Wo Fat The Conjuring
Say it three times as if you are exhaling exhaust fumes.
There ya go.
Wo Fat has been solidly under the radar for most due to the insular nature of anything metal and the even more solitary cross over genre assemblages of desert rock, stoner, sludge, doom, grunge, and thrash. If you aren’t familiar with the above nuances it sort of speaks to the problem. Of all the conflicting genre allegiances, Wo Fat’s The Conjuring more closely resembles the desert founders Kyuss in terms of production and composition and the likes of Orange Goblin and Truckfighters in execution. If you are among those who throw their hands up at most things desert rock, know that this is the album that best illustrates why metal heads are so damned relaxed. Imagine the Swamp Thing drags itself across the Texas desert, tossing cigarettes in the faces of everyone not willing to light up and roll out. Then, as if by some hard-earned benevolence, Swamp Thing lulls you to sleep with the siren song of what pulled him across the vast empty of the American south west in the first place.
This is The Conjuring.
Spacey and Bruce Springsteen-ish, Merchandise are streaming their track “Figured Out” on Soundcloud. Merchandise just recently signed to 4AD and I wouldn’t be surprised if an album is completed sometime this year. Check out the track below.
Yellow Ostrich Cosmos
Yellow Ostrich’s Cosmos is a work driven by dense guitars, piercing vocals (think Dodos and Ben Bridwell at times), and tastefully placed electronic instrumentation which leans more towards a theme than a concept. Exploration of things greater than ourselves will always lead to the stars, and that’s a slippery slope. If the sheer vastness of the heavens wasn’t overwhelming enough, add every fleeting moment and the meaning of it all. As Cosmos illustrates, when one ponders his tiny existence after being inspired by astronomers Carl Sagan and Frank Drake that person will progress through many stages fostered by uncertainty. Cue… “Terrors” an imaginative piece driven by the view of a small and distant humanity from outer space. The wispy verse arrangement seems to be the solace that one would find in such a view but quickly the chorus interrupts the narrative with rhythmic distorted guitar as the line “I am the terrors in your eyes,” encompasses all senses and thoughts. This mixture of texture and menacing rhythm exemplifies uneasiness and leads perfectly into “Neon Fists” where Alex Schaaf (Y.O singer/guitarist) pleads to know that someone has everything in control because he surely does not. “Shades” is the stand out track on Cosmos with a riff that functions as an electronic warning signal carrying the messages “I can build any universe for you” and “Just try to close your eyes… Pull the shades down and never let go” which seems to come directly from the ominous building blocks of life.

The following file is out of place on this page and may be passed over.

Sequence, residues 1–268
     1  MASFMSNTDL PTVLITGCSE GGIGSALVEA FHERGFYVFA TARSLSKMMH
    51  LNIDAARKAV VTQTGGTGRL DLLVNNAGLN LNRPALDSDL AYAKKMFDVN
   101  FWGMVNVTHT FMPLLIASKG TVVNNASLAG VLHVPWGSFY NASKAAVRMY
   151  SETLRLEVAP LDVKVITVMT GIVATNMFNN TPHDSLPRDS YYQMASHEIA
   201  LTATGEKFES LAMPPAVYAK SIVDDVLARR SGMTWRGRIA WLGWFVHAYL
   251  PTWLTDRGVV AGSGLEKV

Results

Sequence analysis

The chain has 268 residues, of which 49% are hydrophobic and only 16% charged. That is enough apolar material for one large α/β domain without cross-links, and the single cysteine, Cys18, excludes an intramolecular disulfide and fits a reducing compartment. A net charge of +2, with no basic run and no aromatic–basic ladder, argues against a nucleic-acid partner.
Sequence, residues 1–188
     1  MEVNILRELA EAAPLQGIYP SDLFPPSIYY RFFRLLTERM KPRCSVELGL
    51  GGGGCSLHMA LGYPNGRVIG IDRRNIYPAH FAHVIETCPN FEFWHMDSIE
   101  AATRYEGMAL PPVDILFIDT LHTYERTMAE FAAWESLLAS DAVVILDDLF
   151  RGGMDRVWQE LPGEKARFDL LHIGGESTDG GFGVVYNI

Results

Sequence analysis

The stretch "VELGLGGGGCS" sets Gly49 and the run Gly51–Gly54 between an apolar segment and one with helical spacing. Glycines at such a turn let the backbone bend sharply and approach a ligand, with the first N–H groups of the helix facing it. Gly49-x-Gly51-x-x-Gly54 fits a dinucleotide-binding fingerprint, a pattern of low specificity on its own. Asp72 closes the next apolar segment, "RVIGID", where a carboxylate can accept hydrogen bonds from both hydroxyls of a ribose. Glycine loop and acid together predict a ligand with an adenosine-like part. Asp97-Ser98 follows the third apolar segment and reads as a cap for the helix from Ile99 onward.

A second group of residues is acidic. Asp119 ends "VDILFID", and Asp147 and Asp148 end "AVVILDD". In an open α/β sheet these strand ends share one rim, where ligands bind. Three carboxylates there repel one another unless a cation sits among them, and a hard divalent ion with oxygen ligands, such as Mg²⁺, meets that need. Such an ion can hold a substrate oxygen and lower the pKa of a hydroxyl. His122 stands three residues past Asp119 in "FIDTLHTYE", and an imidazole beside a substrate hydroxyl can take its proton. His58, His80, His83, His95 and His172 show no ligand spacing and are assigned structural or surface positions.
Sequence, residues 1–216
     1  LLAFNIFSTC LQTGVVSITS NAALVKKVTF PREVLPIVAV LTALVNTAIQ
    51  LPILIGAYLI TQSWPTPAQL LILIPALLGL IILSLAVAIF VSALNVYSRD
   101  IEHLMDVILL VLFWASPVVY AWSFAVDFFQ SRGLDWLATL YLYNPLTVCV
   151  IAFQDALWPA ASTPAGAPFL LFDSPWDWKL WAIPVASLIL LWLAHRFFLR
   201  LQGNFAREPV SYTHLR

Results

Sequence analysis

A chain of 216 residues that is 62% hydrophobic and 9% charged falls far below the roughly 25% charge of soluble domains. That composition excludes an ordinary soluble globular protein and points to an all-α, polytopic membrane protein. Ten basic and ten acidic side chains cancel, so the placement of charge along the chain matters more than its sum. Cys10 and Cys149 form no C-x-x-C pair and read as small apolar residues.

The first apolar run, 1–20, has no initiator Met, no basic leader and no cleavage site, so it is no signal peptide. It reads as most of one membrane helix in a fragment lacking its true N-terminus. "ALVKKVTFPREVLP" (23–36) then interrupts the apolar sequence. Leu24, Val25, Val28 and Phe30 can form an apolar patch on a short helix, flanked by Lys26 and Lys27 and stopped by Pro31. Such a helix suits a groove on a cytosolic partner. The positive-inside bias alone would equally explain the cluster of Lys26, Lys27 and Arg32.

As all intention points to an album dedicated to recognizing the uncontrollable unknown there are moments in which the album focuses inward. With each passing moon in, “My Moons,” Schaaf welcomes the chance to reflect and yearn for, what I translate as, a smile that he once carried during a more peaceful time. “Can you build me a bigger house? Can you work from the inside out?” is indicative of an individual seeking the strength needed to overcome his battle with a potentially meaningless existence.
“Any Wonder” functions as a gripping second standout in the form an alternative rock track with krautrock tendencies heard in the pocketed collaboration of the rhythm section.
“How Do You Do It?” is a nod to a Band of Horses B-side. And would that ever be a bad thing?
When listening to “Things are Fallin’” one is ushered into impending chaos – and half way through the drums kick in signifying the arrival of forecasted danger.
Driving guitars and eclectic concepts as a band finds their way through space, time, and music. Cosmos finds a sonic balance between live and electronic instrumentation. If you’re looking for an indie rock album that is more progressive than a nod to yesterday, than you should pick up Cosmos here.
-RL, Can I May I
2013 was a particularly fruitful year in music, so it was hard picking the absolute best music based solely on solid song writing. We decided to take originality and divergence of current trends into account. With only 50 spots to fill we felt a lot of other albums deserved to be recognized.
Many albums were omitted on other lists by other outlets simply because they did not meet current trends or didn’t adhere to the pop in art movement. Whereas, other albums found homes on lists by way of what can only be described as album reviewers living in the twilight zone. Music should not be defined by trends, catchiness, high energy, and/or sensationalism.
I’ll leave you with a quote that spoke volumes to myself and hopefully you. 🙂
“…if I instantly liked a record, I knew I wouldn’t like a record for long, whereas if I didn’t like a record when I first heard it I would probably end up loving it.” – St. Vincent (Annie Clark)
PS. For all you Yeezus lovers out there, I have an article explaining why the album did not impact me as musically as I would of liked. Just for the record: I do think it was an important and exceptional album.
-RL, Can I May I